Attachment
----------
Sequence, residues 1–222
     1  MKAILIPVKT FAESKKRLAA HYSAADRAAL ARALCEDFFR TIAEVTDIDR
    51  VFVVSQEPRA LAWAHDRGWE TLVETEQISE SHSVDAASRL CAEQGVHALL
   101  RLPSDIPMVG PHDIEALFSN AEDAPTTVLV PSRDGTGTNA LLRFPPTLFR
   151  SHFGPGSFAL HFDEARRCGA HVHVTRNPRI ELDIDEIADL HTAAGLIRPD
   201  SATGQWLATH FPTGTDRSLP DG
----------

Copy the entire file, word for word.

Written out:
Sequence, residues 1–222
     1  MKAILIPVKT FAESKKRLAA HYSAADRAAL ARALCEDFFR TIAEVTDIDR
    51  VFVVSQEPRA LAWAHDRGWE TLVETEQISE SHSVDAASRL CAEQGVHALL
   101  RLPSDIPMVG PHDIEALFSN AEDAPTTVLV PSRDGTGTNA LLRFPPTLFR
   151  SHFGPGSFAL HFDEARRCGA HVHVTRNPRI ELDIDEIADL HTAAGLIRPD
   201  SATGQWLATH FPTGTDRSLP DG